3 FIRST WORLD WAR Nursing Sisters Mowat, McNichol, and Guilbride (Department of National Defense/ Library and Archives Canada/PA-007350). ACTIVITY #1 OVERVIEW: WOMEN IN THE MILITARY THROUGH THE YEARS MODIFICATION What kind of imagery, messaging, or slogans were used to help mobilize women? What kind of roles were women encouraged to take on? Conduct research to create a propaganda poster to enlist the help of Canadian women during the war effort. ADDITIONAL RESOURCES History of the Armed Forces in Canada Women in the Military ------------------------------------------------ 1. Read the article Canadian Women and War on The Canadian Encyclopedia, and watch LCol (retired) Susan Beharriell’s presentation on women in the Canadian military. Conduct a class discussion, considering the following questions: • What were some of the different roles women took on in the military throughout the 20th century? • In what ways did women taking on jobs traditionally held by men challenge gender roles since joining the forces? During the First World War, women were allowed to join the Canadian Forces for the first time (they had been permitted to enlist with the British Army during the South African War). Women largely took on more traditional roles, and did not actively fight on the front lines. They were involved as nurses, drivers, volunteers, and in taking over the breadwinner roles of their absent spouses on farms and in factories. The First World War also served as a tool to advance women’s rights – women gradually won the right to vote in provincial elections beginning in 1916, and the federal vote in 1918. Of the women who served in the First World War, 2,845 were nurses who served with officer rank in the Canadian Army Medical Corps. They were often called “Nursing Sisters,” likely referring to a time when nursing was provided by churches. Despite the name, which would be used to identify them until the end of the Second World War, not all the nurses belonged to a religious order. Nursing Sisters treated and cared for injured soldiers overseas and in Canada. • What challenges did service women face above and beyond those faced by men? 2. Choose one of the following questions to research, and write an essay exploring the topic: • Why were women mobilized? What effect did this mobilization have on the forces and in various conflicts, both on the home front and overseas? • How did joining the Canadian Armed Forces change women’s rights and expectations in society? ACTIVITY #2 NURSING DURING THE FIRST WORLD WAR Watch the Nursing Sisters Heritage Minute and read the Edith Monture and Indigenous Peoples and the First World War articles on The Canadian Encyclopedia, as well as Ida Ferguson’s Memory Project Archive testimony. 1. Answer the following questions in point form: • Who were the Nursing Sisters and why were they important to the war effort? What do you think would have happened if they were not on the front lines during the war? • What are some of the barriers to entry that Edith Monture faced as an Indigenous woman? What does this reveal about the circumstances that women and Indigenous people faced at this time? • In what ways were Edith and Ida’s experiences similar? How did they differ? • How did the Nursing Sisters’ contributions to the war effort influence the public’s perception of women serving in the military? 2. In small groups, share your responses, and discuss changes in society for women that came about because of the First World War. ADDITIONAL RESOURCES Canadian Army Medical Corps Nursing Sisters Collection: First World War Nursing Sisters ----------------------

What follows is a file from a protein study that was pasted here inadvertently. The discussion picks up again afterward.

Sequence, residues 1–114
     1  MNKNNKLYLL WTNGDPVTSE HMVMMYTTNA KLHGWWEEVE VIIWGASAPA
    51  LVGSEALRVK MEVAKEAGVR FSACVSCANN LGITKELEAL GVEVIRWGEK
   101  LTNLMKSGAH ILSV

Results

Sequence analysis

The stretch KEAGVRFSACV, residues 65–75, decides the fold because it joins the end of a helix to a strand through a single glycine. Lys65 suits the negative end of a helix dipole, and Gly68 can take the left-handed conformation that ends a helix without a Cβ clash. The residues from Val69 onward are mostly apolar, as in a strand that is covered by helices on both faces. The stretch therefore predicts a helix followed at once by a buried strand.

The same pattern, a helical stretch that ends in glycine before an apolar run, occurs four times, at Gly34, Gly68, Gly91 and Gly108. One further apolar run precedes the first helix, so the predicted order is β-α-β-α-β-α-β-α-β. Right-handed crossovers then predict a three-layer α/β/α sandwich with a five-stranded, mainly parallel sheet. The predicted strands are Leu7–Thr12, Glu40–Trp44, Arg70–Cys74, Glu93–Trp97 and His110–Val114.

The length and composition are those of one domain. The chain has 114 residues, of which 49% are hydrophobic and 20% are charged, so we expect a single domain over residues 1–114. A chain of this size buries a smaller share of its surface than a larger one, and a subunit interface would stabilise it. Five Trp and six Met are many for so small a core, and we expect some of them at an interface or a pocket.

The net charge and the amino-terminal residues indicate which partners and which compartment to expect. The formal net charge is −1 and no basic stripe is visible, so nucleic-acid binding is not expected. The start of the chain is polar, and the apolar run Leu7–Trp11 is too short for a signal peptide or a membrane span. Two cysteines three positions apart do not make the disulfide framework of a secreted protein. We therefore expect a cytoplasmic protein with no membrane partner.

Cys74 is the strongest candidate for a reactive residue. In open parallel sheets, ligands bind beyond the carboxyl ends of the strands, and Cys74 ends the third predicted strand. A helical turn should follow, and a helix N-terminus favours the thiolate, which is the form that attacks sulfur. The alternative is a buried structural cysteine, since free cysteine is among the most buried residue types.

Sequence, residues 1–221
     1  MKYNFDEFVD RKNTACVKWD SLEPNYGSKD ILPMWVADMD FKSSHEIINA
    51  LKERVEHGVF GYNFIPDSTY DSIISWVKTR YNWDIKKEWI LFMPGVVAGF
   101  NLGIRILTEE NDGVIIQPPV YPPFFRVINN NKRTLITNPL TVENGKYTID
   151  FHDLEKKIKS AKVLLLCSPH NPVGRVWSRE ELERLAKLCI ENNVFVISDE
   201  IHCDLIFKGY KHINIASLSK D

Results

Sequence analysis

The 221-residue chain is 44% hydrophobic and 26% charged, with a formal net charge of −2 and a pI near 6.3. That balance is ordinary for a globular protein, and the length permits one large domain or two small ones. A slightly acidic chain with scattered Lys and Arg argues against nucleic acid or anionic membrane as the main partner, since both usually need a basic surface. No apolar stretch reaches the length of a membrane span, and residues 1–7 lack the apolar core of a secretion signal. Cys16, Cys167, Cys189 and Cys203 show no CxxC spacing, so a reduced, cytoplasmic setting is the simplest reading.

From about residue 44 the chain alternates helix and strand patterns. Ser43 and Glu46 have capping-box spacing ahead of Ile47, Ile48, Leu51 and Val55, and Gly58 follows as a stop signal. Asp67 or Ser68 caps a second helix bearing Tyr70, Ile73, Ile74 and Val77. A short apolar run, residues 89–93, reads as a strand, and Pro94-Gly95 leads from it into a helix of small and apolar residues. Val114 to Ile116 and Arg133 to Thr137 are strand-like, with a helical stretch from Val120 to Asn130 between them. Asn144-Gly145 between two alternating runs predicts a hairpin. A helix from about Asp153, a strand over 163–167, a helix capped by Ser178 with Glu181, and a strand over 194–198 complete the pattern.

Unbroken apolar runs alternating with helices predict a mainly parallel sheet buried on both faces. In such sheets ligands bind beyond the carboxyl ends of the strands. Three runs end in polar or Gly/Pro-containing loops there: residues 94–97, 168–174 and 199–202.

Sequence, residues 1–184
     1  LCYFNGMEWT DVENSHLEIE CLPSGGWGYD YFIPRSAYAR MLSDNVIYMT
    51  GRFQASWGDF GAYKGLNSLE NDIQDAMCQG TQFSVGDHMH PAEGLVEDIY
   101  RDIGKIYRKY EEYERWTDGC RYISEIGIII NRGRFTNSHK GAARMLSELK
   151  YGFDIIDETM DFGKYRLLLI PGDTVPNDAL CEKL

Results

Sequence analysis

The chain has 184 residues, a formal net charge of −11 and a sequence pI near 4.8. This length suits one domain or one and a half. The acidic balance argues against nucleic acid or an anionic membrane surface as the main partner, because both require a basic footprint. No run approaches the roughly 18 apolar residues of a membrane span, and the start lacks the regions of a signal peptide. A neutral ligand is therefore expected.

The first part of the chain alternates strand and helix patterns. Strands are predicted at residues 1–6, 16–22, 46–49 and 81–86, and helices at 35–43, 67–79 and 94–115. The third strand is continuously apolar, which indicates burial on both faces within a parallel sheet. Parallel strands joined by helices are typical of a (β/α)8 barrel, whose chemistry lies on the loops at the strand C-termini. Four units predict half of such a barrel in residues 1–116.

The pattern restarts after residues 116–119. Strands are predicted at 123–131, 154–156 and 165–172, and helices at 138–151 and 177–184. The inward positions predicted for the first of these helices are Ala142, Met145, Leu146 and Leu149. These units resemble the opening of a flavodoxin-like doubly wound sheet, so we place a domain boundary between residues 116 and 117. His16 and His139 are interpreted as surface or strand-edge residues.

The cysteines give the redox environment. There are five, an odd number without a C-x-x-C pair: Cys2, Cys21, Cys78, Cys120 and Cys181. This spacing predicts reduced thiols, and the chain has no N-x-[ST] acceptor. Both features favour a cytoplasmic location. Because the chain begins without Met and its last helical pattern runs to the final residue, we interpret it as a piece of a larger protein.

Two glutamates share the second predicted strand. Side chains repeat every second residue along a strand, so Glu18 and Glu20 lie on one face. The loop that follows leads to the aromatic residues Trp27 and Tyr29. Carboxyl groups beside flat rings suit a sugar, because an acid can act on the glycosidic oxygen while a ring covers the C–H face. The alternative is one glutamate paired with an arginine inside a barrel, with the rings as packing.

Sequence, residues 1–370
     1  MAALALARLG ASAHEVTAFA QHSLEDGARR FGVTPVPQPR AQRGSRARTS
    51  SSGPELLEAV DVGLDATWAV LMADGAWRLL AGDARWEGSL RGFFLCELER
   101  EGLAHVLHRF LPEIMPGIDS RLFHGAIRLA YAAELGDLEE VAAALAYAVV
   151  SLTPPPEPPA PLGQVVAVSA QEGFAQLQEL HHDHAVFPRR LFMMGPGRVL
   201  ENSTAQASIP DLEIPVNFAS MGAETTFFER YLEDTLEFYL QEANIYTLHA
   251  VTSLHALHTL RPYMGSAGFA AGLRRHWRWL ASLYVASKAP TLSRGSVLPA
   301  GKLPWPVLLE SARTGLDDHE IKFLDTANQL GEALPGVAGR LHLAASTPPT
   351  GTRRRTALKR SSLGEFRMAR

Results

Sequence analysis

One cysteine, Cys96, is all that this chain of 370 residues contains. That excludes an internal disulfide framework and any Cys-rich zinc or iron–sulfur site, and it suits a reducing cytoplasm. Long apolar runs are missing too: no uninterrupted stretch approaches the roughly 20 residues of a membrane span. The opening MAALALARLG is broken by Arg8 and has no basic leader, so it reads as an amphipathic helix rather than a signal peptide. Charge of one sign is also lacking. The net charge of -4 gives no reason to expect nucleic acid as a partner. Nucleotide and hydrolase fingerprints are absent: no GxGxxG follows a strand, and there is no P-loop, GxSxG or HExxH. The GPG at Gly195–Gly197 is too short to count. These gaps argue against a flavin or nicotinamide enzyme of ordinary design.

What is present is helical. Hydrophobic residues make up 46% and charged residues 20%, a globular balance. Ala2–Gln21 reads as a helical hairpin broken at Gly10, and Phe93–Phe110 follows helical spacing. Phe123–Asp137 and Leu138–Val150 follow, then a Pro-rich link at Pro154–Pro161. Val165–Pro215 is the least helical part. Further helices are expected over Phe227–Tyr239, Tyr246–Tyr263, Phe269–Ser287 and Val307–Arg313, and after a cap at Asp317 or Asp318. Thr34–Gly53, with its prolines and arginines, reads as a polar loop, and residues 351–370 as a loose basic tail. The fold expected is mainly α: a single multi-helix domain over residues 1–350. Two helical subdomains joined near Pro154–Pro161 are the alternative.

4 The Second World War was a defining event in Canadian history, transforming a country on the fringes of global affairs into a critical player in the 20th century’s most important struggle. Canada carried out a vital role in the Battle of the Atlantic and the air war over Germany, and contributed forces to campaigns in Western Europe beyond the effort expected of a small nation of only 11 million people. Between 1939 and 1945, more than one million Canadian men and women served full-time in the armed services. More than 43,000 were killed. During the Second World War, women played a larger role in the war effort. With so many men away serving in the war, many women found employment in jobs and industries previously restricted to men, including in military trades that had been closed to them. Following the organization of the Canadian Women’s Army Corps and the Royal Canadian Air Force (Women’s Division) in 1941, and the Women’s Royal Canadian Naval Service (familiarly known as the Wrens) the following year, more than 45,000 women entered the wartime forces. They served in clerical, administrative, communication, and other support roles, freeing men for combat roles. ACTIVITY #3 WOMEN IN THE SECOND WORLD WAR During the Second World War, women were permitted to serve in less traditional roles in the army, navy, and air force, although only in non-combat roles. Originally intended to free up men for fighting, the new policies allowed enlisted women to serve in a variety of roles, such as clerks, stenographers, ambulance drivers, and intelligence analysts. Women on the home front also made important contributions to the war effort, both in their homes and in the workplace. 1. Break into five groups. This is your “expert group.” 2. The teacher will assign each group one of the following subjects: • Canadian Women’s Army Corps (CWAC) • Women’s Royal Canadian Naval Service (Wrens) • Royal Canadian Air Force (Women’s Division) • Women on the Home Front • Nursing Sisters 3. Using the relevant resources (listed in the Women in the Canadian Armed Forces Worksheet, page 4), each expert group should complete the table (also in the worksheet) about their assigned topic. 4. Form new groups of five students, making sure each group has at least one “expert” who researched a different women’s formation. Each student will identify and explain to the new group that formation’s three to five most important contributions to the war effort, and why they were important. 5. Individually, write a newspaper article from the point of view of a journalist explaining how women in the Canadian Armed Forces contributed to the war effort. SECOND WORLD WAR Canadian Women’s Army Corps Pipe and Brass bands in Apeldoorn, Netherlands, 13 August 1945 (Lt Dan Guravich/Department of National Defence/ Library and Archives Canada/PA-115474). Wrens Margaret Horn, Shirley Shoebottom, and Camilla Balcombe assist Lieutenant E.G. Aust at the tactical table in June 1944 (Library and Archives Canada/PA-108180). Signallers Marian Wingate and Margaret Little of the Women’s Royal Canadian Naval Service at work in St. John’s, Newfoundland, April 1945 (PO Edward W. Dinsmore/ Department of National Defence/ Library and Archives Canada/PA-128241). L/Cpl A.W. Hartung with Pipers Flossie Rose (centre) and Mona Michie of the Canadian Women’s Army Corps Pipe Band, Zeist, Netherlands, 25 August 1945 (Lt Charles H. Richer/ Department of National Defence/Library and Archives Canada/PA-115466).